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Gay & Lesbian Alliance Against Defamation (GLAAD)

Monica Taher and Pedro Rojas
Photo courtesy of Ray Ng

As editor of the Spanish language daily newspaper La Opinión, Pedro Rojas has long covered the Los Angeles area's homeless population. A visit from the Gay & Lesbian Alliance Against Defamation (GLAAD) helped his newspaper find a new and important angle on the problem.

"They told us a lot of younger people run away because they cannot confront their families," Rojas explains. "So much in our culture cannot accept a son who is gay or a daughter who is a lesbian."

La Opinión writers interviewed young gay homeless Latino immigrants and discovered that many of them found the freedom to come out of the closet to be who they really are--but ended up at least temporarily homeless because of the shock to their families.

"GLAAD has helped us a lot in the way we cover the gay and lesbian community," says Rojas. "Last year they gave us a couple of seminars and workshops for the whole newsroom. They've given us information, booklets, and contacts to work on stories."

La Opinión, with a daily circulation of 124,000, was nominated for three Spanish language GLAAD Media Awards in January for its coverage of lesbian, gay, bisexual, and transgender people. One nomination was for an article called "Doble Dia de los Padres" about two fathers and their three adopted children.

GLAAD President Neil G. Giuliano, said the organization has worked for more than five years on heightening the visibility of communities of African descent, Spanish speakers, and Asian-Pacific Islanders in the U.S. media as a key part of its mission. GLAAD works to promote fair, accurate, and inclusive representation of people and events in the media as a way to eliminate discrimination based on sexual orientation.

"It's important because these are communities where stereotypes are very pervasive and the visibility we can bring changes and shatters stereotypes," Neil says from the group's New York office. "We hope to achieve a broader understanding and less surprise when LGBT issues among people of color are more visible.""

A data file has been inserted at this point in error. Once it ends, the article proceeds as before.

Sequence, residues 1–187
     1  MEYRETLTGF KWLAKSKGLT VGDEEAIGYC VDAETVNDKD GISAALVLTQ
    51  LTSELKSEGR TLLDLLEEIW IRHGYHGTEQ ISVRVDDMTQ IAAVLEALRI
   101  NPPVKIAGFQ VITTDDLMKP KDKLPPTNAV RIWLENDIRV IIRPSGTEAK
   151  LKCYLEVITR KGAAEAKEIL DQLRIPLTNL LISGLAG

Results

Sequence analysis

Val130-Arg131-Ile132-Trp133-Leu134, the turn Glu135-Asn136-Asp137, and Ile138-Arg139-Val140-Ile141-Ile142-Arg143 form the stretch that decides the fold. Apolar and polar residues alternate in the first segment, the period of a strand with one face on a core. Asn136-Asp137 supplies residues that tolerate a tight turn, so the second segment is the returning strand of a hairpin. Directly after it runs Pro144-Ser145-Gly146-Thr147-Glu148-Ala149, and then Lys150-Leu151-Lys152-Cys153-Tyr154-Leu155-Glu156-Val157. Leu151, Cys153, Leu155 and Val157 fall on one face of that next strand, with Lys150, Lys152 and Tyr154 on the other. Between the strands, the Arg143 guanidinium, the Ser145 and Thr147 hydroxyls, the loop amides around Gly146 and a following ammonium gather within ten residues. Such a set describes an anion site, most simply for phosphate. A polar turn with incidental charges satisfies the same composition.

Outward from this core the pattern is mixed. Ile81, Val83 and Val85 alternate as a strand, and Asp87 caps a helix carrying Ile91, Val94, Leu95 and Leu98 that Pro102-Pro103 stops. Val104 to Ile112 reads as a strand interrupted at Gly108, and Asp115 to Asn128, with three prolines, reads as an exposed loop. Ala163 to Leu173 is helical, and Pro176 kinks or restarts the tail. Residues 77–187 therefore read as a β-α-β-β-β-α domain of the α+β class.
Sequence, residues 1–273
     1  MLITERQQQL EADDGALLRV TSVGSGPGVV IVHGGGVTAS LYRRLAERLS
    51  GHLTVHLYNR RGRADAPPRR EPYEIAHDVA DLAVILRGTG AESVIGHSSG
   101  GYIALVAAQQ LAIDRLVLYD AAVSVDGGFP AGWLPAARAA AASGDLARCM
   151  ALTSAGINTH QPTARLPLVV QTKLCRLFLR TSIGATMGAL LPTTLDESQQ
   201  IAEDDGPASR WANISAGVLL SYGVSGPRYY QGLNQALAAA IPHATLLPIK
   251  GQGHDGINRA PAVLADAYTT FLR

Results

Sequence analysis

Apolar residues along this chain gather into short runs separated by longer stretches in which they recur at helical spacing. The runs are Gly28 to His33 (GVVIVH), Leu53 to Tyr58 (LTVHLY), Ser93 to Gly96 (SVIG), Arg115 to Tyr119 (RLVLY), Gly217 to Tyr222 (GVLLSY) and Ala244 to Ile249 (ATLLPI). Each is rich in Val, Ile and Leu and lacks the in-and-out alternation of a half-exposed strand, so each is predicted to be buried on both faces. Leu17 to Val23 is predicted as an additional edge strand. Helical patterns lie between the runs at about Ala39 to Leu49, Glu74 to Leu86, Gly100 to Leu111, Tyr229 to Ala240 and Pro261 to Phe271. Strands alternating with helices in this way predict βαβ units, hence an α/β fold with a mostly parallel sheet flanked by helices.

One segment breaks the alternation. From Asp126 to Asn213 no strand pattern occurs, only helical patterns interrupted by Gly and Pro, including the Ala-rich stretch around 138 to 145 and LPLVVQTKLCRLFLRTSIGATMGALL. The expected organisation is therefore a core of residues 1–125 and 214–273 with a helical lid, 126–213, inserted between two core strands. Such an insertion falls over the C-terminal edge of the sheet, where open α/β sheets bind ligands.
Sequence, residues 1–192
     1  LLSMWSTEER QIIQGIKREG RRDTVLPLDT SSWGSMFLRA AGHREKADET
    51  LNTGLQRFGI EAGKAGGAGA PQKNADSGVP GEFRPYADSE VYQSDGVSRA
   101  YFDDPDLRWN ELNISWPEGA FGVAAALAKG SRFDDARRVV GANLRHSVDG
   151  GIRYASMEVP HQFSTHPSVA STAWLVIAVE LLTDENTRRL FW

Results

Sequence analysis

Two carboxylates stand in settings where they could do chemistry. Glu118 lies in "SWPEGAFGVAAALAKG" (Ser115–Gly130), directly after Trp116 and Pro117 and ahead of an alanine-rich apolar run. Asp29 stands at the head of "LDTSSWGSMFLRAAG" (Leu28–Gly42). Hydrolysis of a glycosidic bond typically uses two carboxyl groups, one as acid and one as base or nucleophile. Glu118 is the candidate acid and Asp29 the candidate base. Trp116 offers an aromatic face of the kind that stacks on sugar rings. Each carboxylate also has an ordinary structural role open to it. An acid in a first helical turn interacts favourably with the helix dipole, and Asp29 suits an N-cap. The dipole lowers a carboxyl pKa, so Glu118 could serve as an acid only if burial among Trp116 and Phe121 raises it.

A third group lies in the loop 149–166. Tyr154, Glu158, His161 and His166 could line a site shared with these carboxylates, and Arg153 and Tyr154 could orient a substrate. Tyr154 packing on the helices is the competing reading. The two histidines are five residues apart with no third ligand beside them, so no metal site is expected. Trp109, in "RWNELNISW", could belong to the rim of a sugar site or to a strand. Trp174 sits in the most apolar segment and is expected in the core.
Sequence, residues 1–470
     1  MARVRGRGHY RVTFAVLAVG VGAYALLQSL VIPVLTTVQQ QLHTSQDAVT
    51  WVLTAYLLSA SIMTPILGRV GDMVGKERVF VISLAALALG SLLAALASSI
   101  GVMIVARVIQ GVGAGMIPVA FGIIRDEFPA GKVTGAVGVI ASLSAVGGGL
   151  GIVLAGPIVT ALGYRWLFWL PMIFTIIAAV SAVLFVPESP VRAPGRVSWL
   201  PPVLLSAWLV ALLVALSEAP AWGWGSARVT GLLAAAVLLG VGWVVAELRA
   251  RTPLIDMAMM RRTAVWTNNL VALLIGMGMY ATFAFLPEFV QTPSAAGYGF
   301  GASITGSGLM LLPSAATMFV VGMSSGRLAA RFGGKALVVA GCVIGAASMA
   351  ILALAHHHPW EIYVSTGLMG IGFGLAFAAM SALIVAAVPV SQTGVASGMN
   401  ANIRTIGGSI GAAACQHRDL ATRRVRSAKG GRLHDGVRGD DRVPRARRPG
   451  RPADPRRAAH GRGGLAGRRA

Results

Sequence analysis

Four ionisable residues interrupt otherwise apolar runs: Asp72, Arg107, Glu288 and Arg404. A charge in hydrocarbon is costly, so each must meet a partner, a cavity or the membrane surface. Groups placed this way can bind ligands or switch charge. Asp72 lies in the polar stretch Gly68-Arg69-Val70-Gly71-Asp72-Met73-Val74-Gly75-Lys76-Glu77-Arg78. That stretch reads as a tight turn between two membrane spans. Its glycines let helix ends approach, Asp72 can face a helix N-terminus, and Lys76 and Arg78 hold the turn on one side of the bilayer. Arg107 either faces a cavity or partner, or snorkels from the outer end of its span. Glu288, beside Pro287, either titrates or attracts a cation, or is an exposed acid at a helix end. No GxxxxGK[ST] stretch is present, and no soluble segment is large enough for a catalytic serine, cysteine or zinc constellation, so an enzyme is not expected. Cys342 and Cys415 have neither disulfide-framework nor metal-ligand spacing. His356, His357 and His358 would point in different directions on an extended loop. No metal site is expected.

GLAAD's People of Color Media Strategy Program has been integrated into everything the organization does. "We make change by being inclusive and practicing what we preach," Neil says. "It's a thread that runs through our work and everyone has a responsibility to be sensitive and inclusive."

Mónica Taher, who spearheads the People of Color Media Strategy team from Los Angeles, works closely with GLAAD programs that focus on national news and entertainment. Thus, if a news show is looking for a couple to talk about gay marriage, she is likely to seek an African-American, Latino, or Asian couple to feature.

The group's work also includes education, such as the seminars held for Pedro and his staff. Sometimes the process is as basic as explaining the difference between transvestite and transgender. Often it entails talking about family and culture.

When GLAAD representatives sat down recently with executives from Johnson Publishing, the nation's largest black-owned media enterprise, Mónica notes they discussed sensitive terminology as well as the cultural nuances and religious traditions in black communities that pose challenges in covering LGBT issues.

The learning goes both ways. Mónica notes that GLAAD realizes it needs a Chinese language media reference guide and is working on one this year. "We can't expect the Chinese language media to understand our issues if we don't talk in their language," she points out.

The work is paying off in far fewer cases of defamation that GLAAD challenges, and more people of color showing up in both mainstream and LGBT media. "We have noticed tremendous changes in how the Spanish language media covers LGBT issues and in the way the African-American press covers them," Mónica says.

"When we do things wrong, they send us notes," Pedro explains. "We have not received one of those notes for a long time -- and that means we are doing good!"

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